Friday, September 2, 2011

Story and History--The Role of Historical Investigation for Faith

In his essay, “Knowing Jesus: Story, History and the Question of Truth,” Richard Hays critiques N.T. Wright’s method of knowing Jesus as described in his book Jesus and the Victory of God (JVG). Hays (a Barthian) argues that Wright’s method is doomed to fail from the start and that the “historical” Jesus is unknowable apart from the confessional Jesus.

What role does historical investigation play in the life of the church?

In JVG, Wright paints a portrait of Jesus based on critical realism and scientific investigation of history. While his method and conclusions differ from other historical Jesus scholars, his aim is basically the same—to discover the “Jesus of history” apart from the “Christ of faith” (Wright wouldn’t state his aim in those words, but his book does the same thing as others written by people who do use those words). The genius of JVG is that by using the scientific method for historical investigation, Wright is able to unveil a “Jesus of history” who looks remarkably similar to the “Christ of faith.” Wright demonstrates that the church’s confessions about Jesus stand up to the rigors of historical investigation.

Hays has two significant critiques of Wright’s method:

1. Wright is not as objective of an observer as he claims. Hays points out that Wright does not approach Jesus as an unbiased observer, but as an Anglican bishop and a lifelong follower of Jesus. Wright may be testing a hypothesis in JVG, but it is a hypothesis derived from his life in the church.

2. The “truth” of the story affects the method by which we investigate history. In order to remain “scientific” and “unbiased,” Wright has to table the church’s confessional claim that Jesus is the second member of the trinity. At the end of his investigation, Wright concludes that there is good reason for the church to confess what it does, but Hays notes that this changes the way we evaluate the data. If Jesus is God, then history cannot be evaluated in the same way that it can if he is merely a man.

Hays writes:

In a significant essay in Seeking the Identity of Jesus, the theologian Robert Jenson confronts exactly this issue and asks a provocative question: ‘But what if the church’s dogma were a necessary hermeneutical principal of historical reading, because it describes the true ontology of historical being?’ Let me paraphrase that: if it is true that Jesus was the incarnation of the Word, the fleshly embodiment of the one through whom all things were made—and if it is true that he was raised from the dead by the power of God and now reigns over the whole world (whether the world acknowledges it or not)—then it follows that the historical figure of Jesus cannot be rightly known or understood apart from the epistemological insight articulated precisely in the confession that Jesus is Lord—Jesus is the kyrios. This is where we ought to begin in we want to know the truth about Jesus.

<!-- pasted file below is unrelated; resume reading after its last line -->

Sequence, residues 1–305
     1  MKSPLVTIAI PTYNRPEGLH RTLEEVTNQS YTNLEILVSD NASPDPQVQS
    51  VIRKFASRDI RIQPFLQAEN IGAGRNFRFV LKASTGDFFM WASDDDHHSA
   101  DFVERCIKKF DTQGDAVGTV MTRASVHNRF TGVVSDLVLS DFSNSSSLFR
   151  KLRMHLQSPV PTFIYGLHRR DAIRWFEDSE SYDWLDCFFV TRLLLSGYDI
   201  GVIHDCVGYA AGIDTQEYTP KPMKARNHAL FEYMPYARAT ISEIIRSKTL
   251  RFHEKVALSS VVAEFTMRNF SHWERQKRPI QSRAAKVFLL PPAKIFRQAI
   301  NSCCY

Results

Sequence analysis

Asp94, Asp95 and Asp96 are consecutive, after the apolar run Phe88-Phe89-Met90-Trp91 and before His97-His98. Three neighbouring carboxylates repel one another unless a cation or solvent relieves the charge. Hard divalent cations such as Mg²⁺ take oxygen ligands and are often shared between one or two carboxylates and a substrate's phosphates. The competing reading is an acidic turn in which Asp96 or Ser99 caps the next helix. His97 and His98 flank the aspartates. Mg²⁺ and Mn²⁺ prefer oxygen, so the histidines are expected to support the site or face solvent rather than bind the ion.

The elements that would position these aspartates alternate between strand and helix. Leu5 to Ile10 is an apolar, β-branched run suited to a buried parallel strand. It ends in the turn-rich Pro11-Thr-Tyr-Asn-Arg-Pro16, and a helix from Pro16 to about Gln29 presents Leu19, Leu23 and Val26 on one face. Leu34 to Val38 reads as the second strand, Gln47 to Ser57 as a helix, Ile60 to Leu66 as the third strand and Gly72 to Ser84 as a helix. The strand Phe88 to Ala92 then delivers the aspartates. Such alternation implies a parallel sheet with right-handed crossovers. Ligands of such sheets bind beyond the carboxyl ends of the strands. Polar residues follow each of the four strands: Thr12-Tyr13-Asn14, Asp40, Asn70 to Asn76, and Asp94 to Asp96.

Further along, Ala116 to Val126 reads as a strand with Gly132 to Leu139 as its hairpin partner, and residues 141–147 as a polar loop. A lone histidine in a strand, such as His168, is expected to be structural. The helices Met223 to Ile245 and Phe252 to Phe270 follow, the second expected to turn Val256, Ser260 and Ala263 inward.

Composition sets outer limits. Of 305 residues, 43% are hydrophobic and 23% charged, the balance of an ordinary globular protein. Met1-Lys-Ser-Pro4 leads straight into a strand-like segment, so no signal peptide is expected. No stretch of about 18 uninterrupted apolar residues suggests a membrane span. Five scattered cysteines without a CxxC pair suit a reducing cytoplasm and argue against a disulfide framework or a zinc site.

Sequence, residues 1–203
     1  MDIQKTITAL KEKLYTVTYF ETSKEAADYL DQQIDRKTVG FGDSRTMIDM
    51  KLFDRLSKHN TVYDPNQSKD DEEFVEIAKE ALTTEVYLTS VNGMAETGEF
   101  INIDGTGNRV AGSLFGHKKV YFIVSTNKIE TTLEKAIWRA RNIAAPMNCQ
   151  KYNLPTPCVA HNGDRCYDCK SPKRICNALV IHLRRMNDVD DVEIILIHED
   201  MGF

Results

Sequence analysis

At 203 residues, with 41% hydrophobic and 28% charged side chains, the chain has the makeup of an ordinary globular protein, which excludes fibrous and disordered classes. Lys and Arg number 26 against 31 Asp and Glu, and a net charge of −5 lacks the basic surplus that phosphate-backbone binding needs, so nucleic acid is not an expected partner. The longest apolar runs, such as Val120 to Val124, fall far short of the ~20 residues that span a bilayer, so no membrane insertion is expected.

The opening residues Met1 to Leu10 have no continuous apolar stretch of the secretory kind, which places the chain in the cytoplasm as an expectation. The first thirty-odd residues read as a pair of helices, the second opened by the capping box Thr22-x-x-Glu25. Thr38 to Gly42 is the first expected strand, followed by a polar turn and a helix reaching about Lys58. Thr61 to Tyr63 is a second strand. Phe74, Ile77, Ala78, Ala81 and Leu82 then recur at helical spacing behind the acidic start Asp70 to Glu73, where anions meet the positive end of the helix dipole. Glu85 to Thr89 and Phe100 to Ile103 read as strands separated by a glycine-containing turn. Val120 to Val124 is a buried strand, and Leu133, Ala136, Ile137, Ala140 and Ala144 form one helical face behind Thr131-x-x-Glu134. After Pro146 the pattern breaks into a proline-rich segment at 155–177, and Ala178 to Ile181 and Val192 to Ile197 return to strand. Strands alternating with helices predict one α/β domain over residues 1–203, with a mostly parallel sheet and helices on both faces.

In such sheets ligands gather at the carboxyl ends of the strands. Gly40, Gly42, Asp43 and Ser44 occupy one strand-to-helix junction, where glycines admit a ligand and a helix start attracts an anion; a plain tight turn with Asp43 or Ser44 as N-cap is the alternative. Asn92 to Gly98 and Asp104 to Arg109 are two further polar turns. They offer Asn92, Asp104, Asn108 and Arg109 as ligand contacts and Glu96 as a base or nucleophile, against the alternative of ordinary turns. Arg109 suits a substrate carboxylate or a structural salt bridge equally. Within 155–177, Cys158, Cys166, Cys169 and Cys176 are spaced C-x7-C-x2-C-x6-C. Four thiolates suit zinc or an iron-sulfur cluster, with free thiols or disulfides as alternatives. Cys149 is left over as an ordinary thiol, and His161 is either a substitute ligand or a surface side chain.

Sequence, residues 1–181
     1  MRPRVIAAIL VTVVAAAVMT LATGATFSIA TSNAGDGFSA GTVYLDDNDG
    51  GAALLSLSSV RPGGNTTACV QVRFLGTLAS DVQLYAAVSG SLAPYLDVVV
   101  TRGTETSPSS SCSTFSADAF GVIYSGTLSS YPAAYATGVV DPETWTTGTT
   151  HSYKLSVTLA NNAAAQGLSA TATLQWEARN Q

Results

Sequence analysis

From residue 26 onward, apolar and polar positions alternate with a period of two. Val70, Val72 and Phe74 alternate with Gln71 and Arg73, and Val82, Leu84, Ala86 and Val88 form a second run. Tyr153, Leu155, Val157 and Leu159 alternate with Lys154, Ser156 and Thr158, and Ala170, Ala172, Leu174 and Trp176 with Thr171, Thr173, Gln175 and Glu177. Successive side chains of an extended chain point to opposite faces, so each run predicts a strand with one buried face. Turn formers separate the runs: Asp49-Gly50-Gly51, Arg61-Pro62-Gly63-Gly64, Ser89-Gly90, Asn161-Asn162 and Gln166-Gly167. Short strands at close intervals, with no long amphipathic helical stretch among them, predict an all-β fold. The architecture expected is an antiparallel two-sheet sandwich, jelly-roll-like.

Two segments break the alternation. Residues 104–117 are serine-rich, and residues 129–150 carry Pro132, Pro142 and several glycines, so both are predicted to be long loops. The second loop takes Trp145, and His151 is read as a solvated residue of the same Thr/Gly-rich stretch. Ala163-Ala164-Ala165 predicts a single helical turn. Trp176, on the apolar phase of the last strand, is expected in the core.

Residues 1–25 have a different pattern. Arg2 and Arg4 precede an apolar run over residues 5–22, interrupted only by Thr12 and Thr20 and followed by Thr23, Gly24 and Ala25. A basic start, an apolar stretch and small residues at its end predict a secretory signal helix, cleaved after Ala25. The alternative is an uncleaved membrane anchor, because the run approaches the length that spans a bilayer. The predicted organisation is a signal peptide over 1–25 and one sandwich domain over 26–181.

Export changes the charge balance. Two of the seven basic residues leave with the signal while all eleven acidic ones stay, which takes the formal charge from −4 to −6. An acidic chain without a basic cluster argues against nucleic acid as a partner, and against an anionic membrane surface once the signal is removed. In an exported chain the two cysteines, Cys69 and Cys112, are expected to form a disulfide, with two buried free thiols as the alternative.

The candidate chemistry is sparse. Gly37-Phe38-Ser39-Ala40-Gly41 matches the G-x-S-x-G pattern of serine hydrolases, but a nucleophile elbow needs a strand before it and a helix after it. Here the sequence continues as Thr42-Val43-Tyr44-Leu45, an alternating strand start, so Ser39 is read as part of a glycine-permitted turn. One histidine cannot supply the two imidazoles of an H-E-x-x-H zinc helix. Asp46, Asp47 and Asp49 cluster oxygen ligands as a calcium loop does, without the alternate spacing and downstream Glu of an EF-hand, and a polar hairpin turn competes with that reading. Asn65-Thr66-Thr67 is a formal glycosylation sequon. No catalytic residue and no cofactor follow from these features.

This is the insight that Tom’s whole historical Jesus project doesn’t ever quite take on board. The ‘hypothesis’ that Tom seeks to verify by pulling together the evidence of the Synoptics is not a naked inference from uninterpreted data. Rather, the hypothesis that Tom is testing is already encoded in the New Testament texts themselves as proclamatory stories, and already imbedded in Tom’s own worldview by virtue of his lifelong participation in a community that continues to retell the story. So the hypothesis-verification model can’t escape the hermeneutical circle. Nor should it. Precisely because the church’s dogma names a truth the world does not nor cannot know, it rightly describes the truth about history in a way that secularist history is bound to miss. (Richard Hays, “Knowing Jesus: Story, History and the Question of Truth,” Jesus, Paul and the People of God: A theological Dialogue with N.T. Wright, ed. by Nicholas Perrin and Richard B. Hays [Downers Grove: IVP, 2011], 60-61.)

Note what Hays is saying (like Barth): the true Jesus cannot be known by natural means, so using natural means to know him is destined to fail. What do you think? Does historical investigation (think also of apologetic works like Josh McDowell’s Evidence that Demands a Verdict) have a role in the life of the church, or does Jesus identity as the incarnation of the Word render that kind of investigation moot?

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